Not all agencies agree on their recommendations because there are many unknowns. Zika virus stays in the blood and urine of infected women a relatively short time and women do not appear to store the virus anywhere else in their body. Therefore, the CDC recommends for women to wait 8 weeks from a positive test result to attempt pregnancy. However, the WHO has adopted a more conservative 6-month recommendation. Since the reports are reassuring for waiting 8 weeks, and other variables like age and infertility may also need to be considered, ASRM recommends waiting a minimum of 8 weeks for females and 3 months for males who have been exposed or diagnosed. For those with ongoing exposure, ASRM recommends that each woman discuss her individual situation with her health-care provider to decide the length of time to wait to attempt pregnancy.
Why don’t all the recommendations agree?
- In areas where Zika virus-carrying mosquitos have been identified, women of reproductive age, particularly those who are attempting pregnancy, should take measures to prevent breeding of mosquitos and prevent bites. For the latest information on minimizing Zika infections, please visit http://www.cdc.gov/zika/prevention/index.html.
- Visit the CDC website to find the latest information about where the Zika virus-carrying mosquitoes have been found: www.cdc.gov/zika/ geo/index.html
- If you are using donated embryos, eggs, or sperm, you should consider the potential exposure of the embryos to Zika virus, particularly if they were frozen at a time before these screening processes were in effect.
- Laboratory techniques that have been used to prevent the transmission of other viruses in sperm, such as human immunodeficiency virus
(HIV), have not been shown to prevent Zika virus at this time.
- Information about Zika virus, including how it is transmitted, ways to test
for it, and what effects it has on babies and adults, is continually changing. Guidance published today may not be accurate for counseling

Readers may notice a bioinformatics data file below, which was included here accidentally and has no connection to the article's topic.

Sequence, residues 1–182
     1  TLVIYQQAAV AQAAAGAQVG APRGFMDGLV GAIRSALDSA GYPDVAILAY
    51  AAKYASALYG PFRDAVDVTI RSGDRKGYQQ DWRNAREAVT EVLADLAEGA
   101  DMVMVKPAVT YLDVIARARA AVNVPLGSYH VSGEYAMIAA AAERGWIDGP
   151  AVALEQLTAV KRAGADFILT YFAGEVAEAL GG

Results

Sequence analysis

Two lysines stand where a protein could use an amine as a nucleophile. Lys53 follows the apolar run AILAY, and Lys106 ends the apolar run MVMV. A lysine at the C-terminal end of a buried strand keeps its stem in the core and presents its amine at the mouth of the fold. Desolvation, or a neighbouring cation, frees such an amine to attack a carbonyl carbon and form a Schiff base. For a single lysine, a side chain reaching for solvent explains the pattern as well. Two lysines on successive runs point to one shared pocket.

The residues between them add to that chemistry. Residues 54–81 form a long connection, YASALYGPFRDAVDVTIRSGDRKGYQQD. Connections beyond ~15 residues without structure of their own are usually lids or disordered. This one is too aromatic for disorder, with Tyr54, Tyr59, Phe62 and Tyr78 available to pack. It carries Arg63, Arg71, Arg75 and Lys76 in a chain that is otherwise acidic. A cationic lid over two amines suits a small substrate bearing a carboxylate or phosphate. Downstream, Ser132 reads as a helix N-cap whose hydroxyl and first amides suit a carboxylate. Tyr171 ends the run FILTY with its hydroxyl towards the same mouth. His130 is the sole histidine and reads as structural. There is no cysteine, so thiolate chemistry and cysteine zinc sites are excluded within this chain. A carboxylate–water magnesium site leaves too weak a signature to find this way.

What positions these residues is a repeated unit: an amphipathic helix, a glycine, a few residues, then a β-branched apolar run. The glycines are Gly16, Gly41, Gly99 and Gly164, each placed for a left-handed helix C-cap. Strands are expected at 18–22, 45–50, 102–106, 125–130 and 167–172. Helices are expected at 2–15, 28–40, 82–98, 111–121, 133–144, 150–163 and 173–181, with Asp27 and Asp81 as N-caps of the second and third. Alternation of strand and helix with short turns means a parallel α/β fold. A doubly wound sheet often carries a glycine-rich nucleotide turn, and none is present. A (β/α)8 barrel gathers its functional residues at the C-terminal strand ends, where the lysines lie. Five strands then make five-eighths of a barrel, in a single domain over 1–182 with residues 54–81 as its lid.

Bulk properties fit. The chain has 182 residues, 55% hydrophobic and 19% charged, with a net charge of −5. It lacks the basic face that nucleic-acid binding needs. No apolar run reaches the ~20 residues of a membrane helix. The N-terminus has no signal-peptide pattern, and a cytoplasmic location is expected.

and treatment of individuals tomorrow. Check with your health-care provider and the CDC and FDA for the latest information.
In contrast, ASRM and CDC agree that waiting 3 months for men and waiting 8 weeks for women is adequate. See the table below for specific scenarios (source: Polen KD et al. Update: Interim Guidance for Preconception Counseling and Prevention of Sexual Transmission of Zika Virus for Men with Possible Zika Virus Exposure - United States, August 2018. MMWR Morb Mortal Wkly Rep 67:868-71.).
Summary of guidance on planning pregnancy from WHO, CDC, and ASRM The WHO recommends waiting 6 months for men and women after possible or confirmed exposure to Zika virus.
|CDC recommendations for preconception counseling and prevention of sexual transmission of Zika virus among persons with possible Zika virus exposure — United States, August 2018|
|EXPOSURE SCENARIO||RECOMMENDATIONS (UPDATE STATUS)|
|Only the male partner travels to an area with risk for Zika virus transmission and couple planning to conceive||The couple should use condoms or abstain from sex for at least 3 months after the male partner’s symptom onset (if symptomatic) or last possible Zika virus exposure (if asymptomatic). (Updated recommendation)|
|Only the female partner travels to an area with risk for Zika virus transmission and couple planning to conceive||The couple should use condoms or abstain from sex for at least 2 months after the female partner’s symptom onset (if symptomatic) or last possible Zika virus exposure (if asymptomatic). (No change in recommendation)*|
|Both partners travel to an area with risk for Zika virus transmission and couple planning to conceive||The couple should use condoms or abstain from sex for at least 3 months after the male partner’s symptom onset (if symptomatic) or last possible Zika virus exposure (if asymptomatic). (Updated recommendation)|
|One or both partners have ongoing exposure (i.e., live in or frequently travel to an area with risk for Zika virus transmission) and couple planning to conceive||The couple should talk with their health care provider about their plans for pregnancy, their risk for Zika virus infection, the possible health effects of Zika virus infection on a baby, and ways to protect themselves from Zika. If either partner develops symptoms of Zika virus infection or tests positive for Zika virus infection, the couple should follow the suggested timeframes listed above before trying to conceive. (No change in recommendation)|
|Men with possible Zika virus exposure whose partner is pregnant||The couple should use condoms or abstain from sex for the duration of the pregnancy. (No change in recommendation)*|
Helpful links to information about Zika virus:
- CDC: www.cdc.gov/
- FDA: www.fda.gov/
- WHO: www.who.int/
Fact Sheets/BookletsView more fact sheets and booklets written by the ASRM Patient Education Committee.
Resources For You
The American Society for Reproductive Medicine (ASRM) is committed to providing patients with the highest quality information about reproductive care.